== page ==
The new tax had the support of a number of business groups and the government made various exemptions as a way of softening the blow on lower-income people.

British Columbia, on the other hand, voted to repeal the HST in August 2011 following widespread public backlash to the tax, with opponents saying it unfairly shifted the tax burden onto the middle class.

Tax reform part of a cycle

Michael Smart, an economics professor at the University of Toronto, says wide-ranging tax reform is often a once-in-a-generation sort of event that is sometimes spurred by complexities within the system that end up harming economic growth.

The harm is often the result of politicians putting in place tax measures or programs that benefit specific groups but over time create less than ideal outcomes.

"We need to look at these things periodically, so I think it is just a natural process," says Smart, who favours incremental over sweeping reform. "The tax system goes through a cycle."

One notable example of wide-ranging reform are the changes introduced in the United States in 1986, when the government of Ronald Reagan lowered tax rates, reduced the number of income tiers and eliminated a number of so-called loopholes in the tax system.

Those changes prompted the Canadian government to examine its own tax system. Tax changes made by one country can be a catalyst for reform in another country — especially when those two nations have close economic ties.

"The last such personal tax reform in Canada was in 1987, [and] that was really prompted by what was happening in the U.S," Smart said. "We knew that [we had to ] move with our biggest trading partner."

During that period of reform in Canada, the number of federal income tax brackets was reduced to just three — although a fourth was added in 2001 — and the top marginal rates were lowered. The government also moved to introduce the goods and services tax in 1991 as part of the reform package.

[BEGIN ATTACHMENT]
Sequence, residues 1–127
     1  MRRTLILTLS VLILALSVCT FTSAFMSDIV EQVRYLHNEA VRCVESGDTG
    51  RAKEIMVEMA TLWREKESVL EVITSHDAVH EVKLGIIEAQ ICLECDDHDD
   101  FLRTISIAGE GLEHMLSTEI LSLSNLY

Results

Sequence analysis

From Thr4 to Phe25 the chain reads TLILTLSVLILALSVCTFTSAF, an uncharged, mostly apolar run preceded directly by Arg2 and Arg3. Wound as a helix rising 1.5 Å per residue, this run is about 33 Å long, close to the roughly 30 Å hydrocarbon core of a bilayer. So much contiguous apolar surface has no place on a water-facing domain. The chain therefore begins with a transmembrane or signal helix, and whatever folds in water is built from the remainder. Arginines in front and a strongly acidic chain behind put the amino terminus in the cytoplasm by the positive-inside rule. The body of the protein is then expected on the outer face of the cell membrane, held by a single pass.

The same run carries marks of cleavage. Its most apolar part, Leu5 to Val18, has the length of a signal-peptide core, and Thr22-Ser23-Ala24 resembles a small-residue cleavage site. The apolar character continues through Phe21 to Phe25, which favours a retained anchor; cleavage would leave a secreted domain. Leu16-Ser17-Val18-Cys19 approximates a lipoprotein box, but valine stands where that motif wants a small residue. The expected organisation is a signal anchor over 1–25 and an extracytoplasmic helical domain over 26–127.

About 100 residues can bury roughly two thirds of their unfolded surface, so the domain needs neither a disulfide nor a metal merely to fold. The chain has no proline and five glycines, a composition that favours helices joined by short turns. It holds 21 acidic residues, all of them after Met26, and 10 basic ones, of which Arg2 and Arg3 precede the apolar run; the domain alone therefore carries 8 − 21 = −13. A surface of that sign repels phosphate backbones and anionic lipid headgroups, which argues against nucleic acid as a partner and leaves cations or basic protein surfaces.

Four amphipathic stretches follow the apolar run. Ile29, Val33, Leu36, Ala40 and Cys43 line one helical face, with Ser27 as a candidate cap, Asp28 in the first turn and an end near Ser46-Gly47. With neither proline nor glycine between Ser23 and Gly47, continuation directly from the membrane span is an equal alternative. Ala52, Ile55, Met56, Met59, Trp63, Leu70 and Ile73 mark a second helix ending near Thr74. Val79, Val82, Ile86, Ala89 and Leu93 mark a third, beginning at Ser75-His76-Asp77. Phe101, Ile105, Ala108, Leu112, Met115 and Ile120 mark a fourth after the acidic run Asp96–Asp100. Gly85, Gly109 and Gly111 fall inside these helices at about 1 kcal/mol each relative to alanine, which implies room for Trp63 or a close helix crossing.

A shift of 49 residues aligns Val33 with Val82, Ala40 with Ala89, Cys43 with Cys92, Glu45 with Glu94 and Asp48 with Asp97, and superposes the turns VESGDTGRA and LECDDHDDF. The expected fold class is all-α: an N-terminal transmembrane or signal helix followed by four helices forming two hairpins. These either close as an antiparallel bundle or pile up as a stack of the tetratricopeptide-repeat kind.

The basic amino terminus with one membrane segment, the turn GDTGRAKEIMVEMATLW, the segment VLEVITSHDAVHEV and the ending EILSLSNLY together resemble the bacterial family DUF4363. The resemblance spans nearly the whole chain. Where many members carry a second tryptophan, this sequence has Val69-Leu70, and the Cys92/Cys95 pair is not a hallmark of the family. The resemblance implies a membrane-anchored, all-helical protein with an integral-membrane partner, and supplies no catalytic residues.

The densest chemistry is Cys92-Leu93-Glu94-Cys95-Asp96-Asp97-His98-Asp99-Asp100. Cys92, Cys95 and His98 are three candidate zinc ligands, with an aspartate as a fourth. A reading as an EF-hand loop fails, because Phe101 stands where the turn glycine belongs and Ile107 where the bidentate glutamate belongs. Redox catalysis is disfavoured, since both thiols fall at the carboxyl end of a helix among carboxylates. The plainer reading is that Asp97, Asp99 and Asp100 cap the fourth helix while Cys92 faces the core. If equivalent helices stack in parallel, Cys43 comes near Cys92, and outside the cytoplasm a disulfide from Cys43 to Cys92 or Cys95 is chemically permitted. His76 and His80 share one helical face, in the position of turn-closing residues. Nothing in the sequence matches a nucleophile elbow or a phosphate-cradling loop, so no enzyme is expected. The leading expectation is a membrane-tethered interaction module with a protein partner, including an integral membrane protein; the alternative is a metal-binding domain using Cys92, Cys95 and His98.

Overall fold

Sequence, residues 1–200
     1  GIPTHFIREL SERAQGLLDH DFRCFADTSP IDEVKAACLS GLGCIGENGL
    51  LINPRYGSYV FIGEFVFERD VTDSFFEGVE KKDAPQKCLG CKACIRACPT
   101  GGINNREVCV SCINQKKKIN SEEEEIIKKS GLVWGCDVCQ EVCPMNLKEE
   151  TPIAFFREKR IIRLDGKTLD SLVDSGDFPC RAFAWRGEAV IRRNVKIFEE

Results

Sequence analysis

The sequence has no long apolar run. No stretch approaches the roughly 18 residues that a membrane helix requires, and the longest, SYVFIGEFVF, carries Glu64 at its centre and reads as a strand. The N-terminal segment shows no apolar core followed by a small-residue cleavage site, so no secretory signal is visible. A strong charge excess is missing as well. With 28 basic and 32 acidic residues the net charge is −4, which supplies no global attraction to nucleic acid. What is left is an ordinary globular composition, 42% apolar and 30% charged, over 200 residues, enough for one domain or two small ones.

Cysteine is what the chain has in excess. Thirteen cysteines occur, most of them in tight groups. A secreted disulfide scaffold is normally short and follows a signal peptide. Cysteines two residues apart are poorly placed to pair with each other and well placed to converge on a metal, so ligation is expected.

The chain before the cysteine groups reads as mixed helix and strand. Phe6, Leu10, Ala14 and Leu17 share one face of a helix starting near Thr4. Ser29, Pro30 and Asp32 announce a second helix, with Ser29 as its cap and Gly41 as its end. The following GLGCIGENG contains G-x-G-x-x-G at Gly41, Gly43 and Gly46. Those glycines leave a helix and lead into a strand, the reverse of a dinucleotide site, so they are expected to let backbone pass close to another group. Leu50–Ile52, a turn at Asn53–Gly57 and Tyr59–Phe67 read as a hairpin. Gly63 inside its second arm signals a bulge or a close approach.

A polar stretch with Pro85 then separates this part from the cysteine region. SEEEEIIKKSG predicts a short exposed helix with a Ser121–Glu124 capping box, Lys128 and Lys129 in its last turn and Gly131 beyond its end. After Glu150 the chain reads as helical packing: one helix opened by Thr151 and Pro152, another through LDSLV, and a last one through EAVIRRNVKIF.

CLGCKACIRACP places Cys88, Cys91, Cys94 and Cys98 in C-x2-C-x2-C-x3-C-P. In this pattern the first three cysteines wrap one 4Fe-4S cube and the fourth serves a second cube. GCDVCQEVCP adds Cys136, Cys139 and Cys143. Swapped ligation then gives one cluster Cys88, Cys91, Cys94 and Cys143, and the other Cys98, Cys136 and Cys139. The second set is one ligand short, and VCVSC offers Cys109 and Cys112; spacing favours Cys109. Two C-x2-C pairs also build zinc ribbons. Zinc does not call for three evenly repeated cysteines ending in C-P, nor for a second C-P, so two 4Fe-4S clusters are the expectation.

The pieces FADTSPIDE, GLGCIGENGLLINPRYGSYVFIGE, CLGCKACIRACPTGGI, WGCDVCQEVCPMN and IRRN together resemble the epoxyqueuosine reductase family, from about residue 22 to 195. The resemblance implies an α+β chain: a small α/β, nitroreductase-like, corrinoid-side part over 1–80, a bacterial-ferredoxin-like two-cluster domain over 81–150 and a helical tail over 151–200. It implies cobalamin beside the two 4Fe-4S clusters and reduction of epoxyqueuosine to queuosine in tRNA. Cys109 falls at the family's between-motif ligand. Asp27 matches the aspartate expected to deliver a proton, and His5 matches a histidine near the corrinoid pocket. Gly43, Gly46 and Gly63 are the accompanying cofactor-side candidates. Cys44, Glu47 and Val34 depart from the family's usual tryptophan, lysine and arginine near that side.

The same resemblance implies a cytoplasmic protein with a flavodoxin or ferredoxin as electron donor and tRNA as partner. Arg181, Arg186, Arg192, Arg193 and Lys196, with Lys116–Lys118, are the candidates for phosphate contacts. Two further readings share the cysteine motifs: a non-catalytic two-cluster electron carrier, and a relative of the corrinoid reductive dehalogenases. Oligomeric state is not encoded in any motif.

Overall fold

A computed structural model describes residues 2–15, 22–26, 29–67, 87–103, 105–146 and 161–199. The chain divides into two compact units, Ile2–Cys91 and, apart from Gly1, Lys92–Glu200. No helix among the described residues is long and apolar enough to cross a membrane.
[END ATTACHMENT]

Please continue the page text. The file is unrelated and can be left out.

"Tax reform is hard to do," said Smart. "It is complicated, and the various political forces that have to be aligned in order to make tax reform happen are complex, and I think imperfectly understood. The events, when they have happened in the past, it feels a little bit like a magical process."

'Both sides of the ledger'

One approach to reform that is likely to yield results is to examine individual policy areas instead of looking at the whole tax structure, says Phillips.

She points to a recent review of the federal government's spending on industrial innovation that looked at both tax expenditures and direct spending to determine the best way to achieve the government's goal of promoting research and development.

"Looking at both sides of the ledger" is important, she said, because foregone revenue in the form of credits and money disbursed as grants both cost the government but might not achieve the same policy objectives. They need to be looked at rationally and as a whole.

The same approach can be taken with income tax and the numerous credits and exemptions offered to Canadians.

Philipps says an expert panel could, for example, examine the best way to promote children's fitness by assessing the impact of fitness tax credits — which are offered by the federal government and some provinces — as well as government spending on projects like community centres.

"What are the most effective programs to promote fitness among children of all socio-economic classes, because we know it is a problem, and we want to reduce our long-term health-care costs," said Phillips.

"Let's rationalize and figure out a better way to do this."